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New race leader Chris Froome (Sky)
Sky rider reveals his fight to overcome the Bilharzia virus
Speaking during the first rest of the Vuelta in northwest Spain, Froome explained that he has learned to be more consistent during his time at Team Sky and is back to his best after overcoming bilharzia (schistosomiasis), a disease caused by parasitic worms.
“My position at the Vuelta is a big milestone in my career. Taking the lead and all the messages of congratulations I’ve received in the last 24 hours has been overwhelming but definitely worth all the hard work," he said. "Before I was too impulsive but now I’m able to express myself properly at the level I’ve always wanted to be.”
The ever friendly, but very determined Kenyan-born Briton finished second in the 47km time trial around Salamanca on Monday. He leads Jakob Fuglsang (Leopard Trek) by 12 seconds, with teammate Bradley Wiggins third at 20 seconds. The Vuelta heads into the mountains again on Tuesday with a summit finish at Estación de Montaña Manzaneda. However, Froome hopes to hold onto the race lead as far as possible, as a way of remembering Txema Gonzalez, the Team Sky soigneur who died during last year’s Vuelta after being struck by a bacterial infection.
“We want to honour the red jersey with Txema in mind,” Froome said. “It would be fantastic if we could still lead the Vuelta in his home town of Vitoria in The Basque Country.”
"I don’t want to set a date for passing the red jersey onto somebody else. I want to keep it as long as I can. But with Bradley, we have two cards to play. We haven’t really talked tactic yet but we’re going to defend the lead.”
Strong GC ride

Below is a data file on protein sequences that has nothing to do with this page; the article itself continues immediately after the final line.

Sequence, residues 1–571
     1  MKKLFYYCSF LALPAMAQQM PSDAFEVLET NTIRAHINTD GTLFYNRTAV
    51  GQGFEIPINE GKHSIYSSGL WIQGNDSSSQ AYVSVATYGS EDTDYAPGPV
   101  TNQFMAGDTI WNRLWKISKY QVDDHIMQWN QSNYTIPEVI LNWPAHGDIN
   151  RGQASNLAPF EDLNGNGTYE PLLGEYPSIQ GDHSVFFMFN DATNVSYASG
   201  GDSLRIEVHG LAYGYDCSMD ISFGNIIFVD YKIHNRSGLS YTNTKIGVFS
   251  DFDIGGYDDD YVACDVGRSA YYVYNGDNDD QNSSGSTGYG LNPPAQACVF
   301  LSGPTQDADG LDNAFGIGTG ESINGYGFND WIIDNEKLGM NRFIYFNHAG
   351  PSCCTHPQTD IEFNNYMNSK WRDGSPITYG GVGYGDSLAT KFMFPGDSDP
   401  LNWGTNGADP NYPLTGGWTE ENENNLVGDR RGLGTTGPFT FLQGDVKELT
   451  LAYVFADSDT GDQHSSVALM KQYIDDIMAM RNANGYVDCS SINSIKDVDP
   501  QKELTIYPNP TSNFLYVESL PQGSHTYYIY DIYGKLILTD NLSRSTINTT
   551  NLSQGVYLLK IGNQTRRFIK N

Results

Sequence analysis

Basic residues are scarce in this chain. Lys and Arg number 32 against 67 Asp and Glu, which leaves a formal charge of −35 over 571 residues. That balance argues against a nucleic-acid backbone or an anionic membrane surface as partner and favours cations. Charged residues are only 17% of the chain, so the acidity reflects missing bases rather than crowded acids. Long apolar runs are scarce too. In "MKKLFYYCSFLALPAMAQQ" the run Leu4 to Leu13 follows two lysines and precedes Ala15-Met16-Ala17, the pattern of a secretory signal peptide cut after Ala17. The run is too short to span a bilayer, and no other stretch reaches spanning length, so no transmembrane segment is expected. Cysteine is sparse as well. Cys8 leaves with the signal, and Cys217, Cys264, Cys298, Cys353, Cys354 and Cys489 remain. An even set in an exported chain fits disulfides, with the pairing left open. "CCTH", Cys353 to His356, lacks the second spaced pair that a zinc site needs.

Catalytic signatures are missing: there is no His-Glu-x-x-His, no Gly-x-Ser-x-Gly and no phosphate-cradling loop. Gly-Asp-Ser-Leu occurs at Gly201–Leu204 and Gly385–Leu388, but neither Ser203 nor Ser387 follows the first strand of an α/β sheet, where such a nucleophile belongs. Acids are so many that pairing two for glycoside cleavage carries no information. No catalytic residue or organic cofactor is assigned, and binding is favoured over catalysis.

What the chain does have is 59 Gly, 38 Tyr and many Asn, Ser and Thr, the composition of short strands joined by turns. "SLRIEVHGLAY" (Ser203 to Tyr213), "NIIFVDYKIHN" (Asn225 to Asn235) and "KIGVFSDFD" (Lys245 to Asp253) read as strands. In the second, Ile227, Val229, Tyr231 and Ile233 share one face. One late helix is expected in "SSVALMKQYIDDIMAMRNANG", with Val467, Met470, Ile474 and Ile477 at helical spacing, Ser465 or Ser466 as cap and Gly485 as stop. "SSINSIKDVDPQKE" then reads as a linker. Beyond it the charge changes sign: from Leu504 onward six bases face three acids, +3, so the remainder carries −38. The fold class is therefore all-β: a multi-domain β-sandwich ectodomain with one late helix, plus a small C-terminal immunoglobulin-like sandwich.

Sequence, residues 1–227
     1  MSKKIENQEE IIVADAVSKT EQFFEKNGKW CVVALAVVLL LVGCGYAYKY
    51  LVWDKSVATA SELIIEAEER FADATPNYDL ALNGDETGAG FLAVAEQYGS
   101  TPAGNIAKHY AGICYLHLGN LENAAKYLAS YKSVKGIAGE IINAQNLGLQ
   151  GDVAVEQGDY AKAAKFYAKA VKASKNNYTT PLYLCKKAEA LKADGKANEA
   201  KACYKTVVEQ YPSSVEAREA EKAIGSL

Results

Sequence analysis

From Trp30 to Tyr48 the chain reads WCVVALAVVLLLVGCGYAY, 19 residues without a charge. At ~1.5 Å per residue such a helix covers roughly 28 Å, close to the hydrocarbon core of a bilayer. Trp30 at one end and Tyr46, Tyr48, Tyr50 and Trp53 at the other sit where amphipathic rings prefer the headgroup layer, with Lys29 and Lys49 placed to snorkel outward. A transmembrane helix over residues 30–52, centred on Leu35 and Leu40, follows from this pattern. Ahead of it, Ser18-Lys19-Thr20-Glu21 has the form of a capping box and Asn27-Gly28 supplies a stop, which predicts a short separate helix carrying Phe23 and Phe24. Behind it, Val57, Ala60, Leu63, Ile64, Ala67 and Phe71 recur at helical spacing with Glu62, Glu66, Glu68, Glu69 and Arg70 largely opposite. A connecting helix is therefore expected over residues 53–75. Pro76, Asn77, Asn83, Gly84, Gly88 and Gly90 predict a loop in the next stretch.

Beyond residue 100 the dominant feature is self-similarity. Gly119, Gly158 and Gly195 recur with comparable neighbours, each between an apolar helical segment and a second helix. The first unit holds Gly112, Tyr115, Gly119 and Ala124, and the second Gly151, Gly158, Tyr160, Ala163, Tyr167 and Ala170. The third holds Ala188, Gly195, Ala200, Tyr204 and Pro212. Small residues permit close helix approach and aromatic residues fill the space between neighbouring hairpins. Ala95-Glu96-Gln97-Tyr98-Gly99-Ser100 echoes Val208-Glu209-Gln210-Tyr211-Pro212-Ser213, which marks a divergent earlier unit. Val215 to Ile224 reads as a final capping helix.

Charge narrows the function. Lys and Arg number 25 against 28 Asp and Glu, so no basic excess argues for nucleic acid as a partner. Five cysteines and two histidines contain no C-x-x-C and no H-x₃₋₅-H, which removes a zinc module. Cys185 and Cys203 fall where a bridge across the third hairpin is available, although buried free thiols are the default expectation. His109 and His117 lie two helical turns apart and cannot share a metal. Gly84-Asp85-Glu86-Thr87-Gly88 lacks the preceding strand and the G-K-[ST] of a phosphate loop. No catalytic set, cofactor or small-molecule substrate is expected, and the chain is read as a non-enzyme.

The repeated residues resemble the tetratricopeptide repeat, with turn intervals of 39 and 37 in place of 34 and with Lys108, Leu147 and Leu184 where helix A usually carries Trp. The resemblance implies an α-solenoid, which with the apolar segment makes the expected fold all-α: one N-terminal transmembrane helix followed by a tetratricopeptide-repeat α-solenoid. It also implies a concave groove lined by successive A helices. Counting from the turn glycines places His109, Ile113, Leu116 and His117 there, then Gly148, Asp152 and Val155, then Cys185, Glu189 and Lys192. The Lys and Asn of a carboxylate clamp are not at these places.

Froome turned professional in 2008 with Barloworld and rode the Tour de France when just 23, but made it to Paris and produced a strong ride in the final time trial. He also finished second in the British national time trial championships behind Wiggins in 2010. His only career victory is at the Giro del Capo stage race in South Africa in 2009, while with Barloworld.
“Life in cycling would be boring if everything happened just as expected,” Froome said, pointing out that his moment of glory did not happen by chance.
“I didn’t profit from any lucky breakaway. I’ve been with the GC contenders every day. My goal was to stay with Bradley in the high mountains. That kept me in contention for GC.”
Froome’s season was knocked off course by the parasite which he picked during a visit to Kenya. It cost him a ride at this year’s Tour de France but he is now confident he has overcome the problem.
“It feeds off red blood cells which is obviously not ideal for an athlete,” he said. “But after undergoing some treatment following the Tour of Switzerland in June, I think where I am now shows I’ve finally got the better of it.”